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David Lee, the judge presiding over the long-standing Leandro case, issued an order dated June 18 that will keep the WestEd Leandro recommendations confidential for now. 

Both sides in the Leandro case agreed back in 2017 that an independent consultant should be chosen to make recommendations on how the state can ensure quality education for every North Carolina child. The chosen consultant, WestEd, turned in its recommendations to the judge Monday.

In the order signed yesterday, Lee called the WestEd report a “working document.” He said it is a first draft of what will eventually be a final report. Furthermore, he said the court wants to allow the parties in the case time to look at the document, possibly “collectively amend its terms” and come up with “a plan of action.” 

The order also notes that the State Board of Education, a defendant in the case, won’t meet in person again until August and so won’t be able to consider the document as a group until then. 

“The Court believes that premature dissemination of the working document, or its attendant materials, may jeopardize some or all of the efforts that have been expended by WestEd, and the litigants, over the last number of months,” the order states. 

Lee goes on to say that WestEd should send the report to all counsels of record and that the report should be considered confidential by them. 

“Given the potential ramifications of premature publication of all, or any part of the preliminary WestEd working document, the Court believes that it is in the best interests of the parties, the fair and impartial process of these proceedings going forward, and the important issues presented by this case, to maintain the confidentiality of the working document, pending further orders of this Court.”

The order says that “at the appropriate time, and in light of the State Board’s meeting schedule,” the court will consider a motion to release the report partially or fully. The order also states that the court may permit such a release on its own, if Lee decides to do so.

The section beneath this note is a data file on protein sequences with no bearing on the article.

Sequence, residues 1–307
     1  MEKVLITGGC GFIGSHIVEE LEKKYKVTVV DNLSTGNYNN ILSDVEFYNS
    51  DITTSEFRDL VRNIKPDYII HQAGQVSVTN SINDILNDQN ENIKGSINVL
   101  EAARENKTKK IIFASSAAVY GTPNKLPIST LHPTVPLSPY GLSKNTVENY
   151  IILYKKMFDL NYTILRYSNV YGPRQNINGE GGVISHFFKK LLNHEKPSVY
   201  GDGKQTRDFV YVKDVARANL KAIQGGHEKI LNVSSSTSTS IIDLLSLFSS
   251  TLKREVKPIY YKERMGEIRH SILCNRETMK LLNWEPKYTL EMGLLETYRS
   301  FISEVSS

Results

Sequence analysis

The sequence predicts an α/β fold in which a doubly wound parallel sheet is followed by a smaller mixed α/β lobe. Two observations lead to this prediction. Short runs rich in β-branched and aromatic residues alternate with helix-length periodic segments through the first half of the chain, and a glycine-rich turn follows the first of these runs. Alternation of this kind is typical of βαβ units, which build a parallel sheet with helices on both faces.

See the order below. 

The Leandro case started in 1994 when families from five low-wealth counties sued the state, claiming North Carolina was not providing their kids with the same educational opportunities as students in higher-income districts. In 1997, the Supreme Court ruled unanimously in the case that the state’s children have a fundamental right to the “opportunity to receive a sound basic education.” A later Supreme Court opinion agreed with a lower court that North Carolina had not lived up to that constitutional requirement for every student. 

For much of its history, the Leandro case was overseen by Judge Howard Manning, who held numerous hearings in an effort to determine how the state could meet its constitutional obligation. In October of 2016, he requested to be removed from the case, and Chief Justice Mark Martin reassigned it to Emergency Superior Court Judge David Lee. 

Gov. Roy Cooper has also created a Commission on Access to Sound Basic Education, comprised of 17 members appointed by him, to work “in conjunction” with the consultant and come up with strategies to meet the Leandro requirements set out by the court in 2002. Its next meeting is June 25, where commission members will continue to form their own set of recommendations. This will be the commission’s final meeting. 

Alex Granados

Alex Granados is senior reporter for EducationNC.